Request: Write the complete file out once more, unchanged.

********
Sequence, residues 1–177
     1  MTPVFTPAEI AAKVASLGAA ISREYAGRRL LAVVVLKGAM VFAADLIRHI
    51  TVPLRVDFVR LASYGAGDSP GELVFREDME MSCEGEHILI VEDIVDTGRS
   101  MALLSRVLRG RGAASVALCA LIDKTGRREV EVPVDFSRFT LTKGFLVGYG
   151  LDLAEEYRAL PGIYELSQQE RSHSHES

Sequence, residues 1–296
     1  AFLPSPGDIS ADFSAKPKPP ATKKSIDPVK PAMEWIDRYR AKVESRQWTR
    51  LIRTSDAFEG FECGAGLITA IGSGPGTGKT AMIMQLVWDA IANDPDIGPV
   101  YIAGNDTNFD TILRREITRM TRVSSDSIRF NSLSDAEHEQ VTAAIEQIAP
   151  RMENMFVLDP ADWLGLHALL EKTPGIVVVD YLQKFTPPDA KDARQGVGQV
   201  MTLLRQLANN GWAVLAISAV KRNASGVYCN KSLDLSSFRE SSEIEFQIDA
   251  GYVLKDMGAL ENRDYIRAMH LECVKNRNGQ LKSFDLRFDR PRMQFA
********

Sequence, residues 1–177
     1  MTPVFTPAEI AAKVASLGAA ISREYAGRRL LAVVVLKGAM VFAADLIRHI
    51  TVPLRVDFVR LASYGAGDSP GELVFREDME MSCEGEHILI VEDIVDTGRS
   101  MALLSRVLRG RGAASVALCA LIDKTGRREV EVPVDFSRFT LTKGFLVGYG
   151  LDLAEEYRAL PGIYELSQQE RSHSHES

Sequence, residues 1–296
     1  AFLPSPGDIS ADFSAKPKPP ATKKSIDPVK PAMEWIDRYR AKVESRQWTR
    51  LIRTSDAFEG FECGAGLITA IGSGPGTGKT AMIMQLVWDA IANDPDIGPV
   101  YIAGNDTNFD TILRREITRM TRVSSDSIRF NSLSDAEHEQ VTAAIEQIAP
   151  RMENMFVLDP ADWLGLHALL EKTPGIVVVD YLQKFTPPDA KDARQGVGQV
   201  MTLLRQLANN GWAVLAISAV KRNASGVYCN KSLDLSSFRE SSEIEFQIDA
   251  GYVLKDMGAL ENRDYIRAMH LECVKNRNGQ LKSFDLRFDR PRMQFA